Congress has decided to keep the government open for the next few months by passing the $1.8 trillion spending and tax bills, spreading holiday cheer and dismay throughout the country. After the House passed the tax bill yesterday by 318 to 109, it passed the spending bill today by 316 to 113 with four Democrats and one Republican not voting. Only 150 of the 247 Republicans voted in favor of it, destroying the Hastert Rule that demands any bills must have GOP support.
The Senate sent the bill to President Barack Obama with a 65-33 vote with six Democrats and independent Bernie Sanders voting no. Marco Rubio (R-FL) and Barbara Boxer (D-CA) were the only senators not voting. Rubio said during an interview in Muscatine (IA) that he would slow down the bill if not just stopping it while the Senate agreed to a time limit and moved forward.
The president signed the bill into law today.
Rep. Tim Huelskamp (R-KS), a member of the conservative House Freedom Caucus who voted no, said that the GOP vote was a favor to the new speaker. This bill will send Tea Party constituents into full revolution for the next election. Democrats voted for the bill in spite of the removal of the ban on exporting oil and the absence of a bankruptcy provision for fiscally stressed Puerto Rico. Minority Leader Nancy Pelosi (D-CA) got commitments to address the Puerto Rico issues early next year. Meanwhile, Speaker Paul Ryan (R-WI) has blamed any problems in the ominibus on the former speaker, who resigned because he couldn’t handle the House.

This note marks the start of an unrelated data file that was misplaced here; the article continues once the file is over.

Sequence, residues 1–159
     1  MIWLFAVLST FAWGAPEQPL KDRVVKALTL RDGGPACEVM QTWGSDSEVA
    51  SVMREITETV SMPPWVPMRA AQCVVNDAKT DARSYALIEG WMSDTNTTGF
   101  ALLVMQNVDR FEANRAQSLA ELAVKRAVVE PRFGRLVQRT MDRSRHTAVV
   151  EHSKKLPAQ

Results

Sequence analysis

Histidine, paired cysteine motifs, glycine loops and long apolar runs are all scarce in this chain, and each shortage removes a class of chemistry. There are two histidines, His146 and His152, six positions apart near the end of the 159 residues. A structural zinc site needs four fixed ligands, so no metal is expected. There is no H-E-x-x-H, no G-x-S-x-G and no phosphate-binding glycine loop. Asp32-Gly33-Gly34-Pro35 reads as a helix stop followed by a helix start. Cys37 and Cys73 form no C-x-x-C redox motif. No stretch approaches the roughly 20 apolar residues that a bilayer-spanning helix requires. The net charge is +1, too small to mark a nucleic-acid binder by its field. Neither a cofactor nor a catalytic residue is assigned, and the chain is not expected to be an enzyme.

It was a true bipartisan effort because no one is happy with the result. Democrats did get a permanent renewal for a health plan for 9/11 First Responders that expired October 1 because Senate Majority Leader Mitch McConnell (R-KY) refused to put a vote on the floor. Comedian Jon Stewart, lately of The Daily Show, shamed Republicans and the nation by taking 9/11 First Responders to senate offices. Republicans also got several tax cuts although the bill had no new restrictions on Syrian refugees coming to the U.S.—a recent obsession for the GOP.
Also missing in the omnibus bill was “defunding” Planned Parenthood, a misnomer because PP simply gets paid for its services to Medicaid patients. Early next year Congress plans to use an alternative budget procedure called reconciliation to advance Senate legislation on a simple majority vote in its continued effort to exchange $390 million to PP for $235 million for community health centers. Many of these give women false information about pregnancy and abortion except in California where the law bans this. President Obama pledged to veto any bill defunding Planned Parenthood. The omnibus bill also failed to defund the Title X family planning or teen pregancy prevention programs or allow employers to block their employees from receiving insurance coverage for abortion.
The deficit hawks went AWOL: the proposed spending bill adds $78 billion a year for the next ten years. Republicans pretend that permanently extended business tax credits don’t add anything to the deficit because they reflect current government spending. Fear of terrorism may also have made the hawks more cooperative, but they will most likely return in full force this next year. It would be nice to think that deficit hawks had figured out that the deficit has fallen sharply in recent years and is now down below 3 percent of GDP, but it doesn’t seem likely.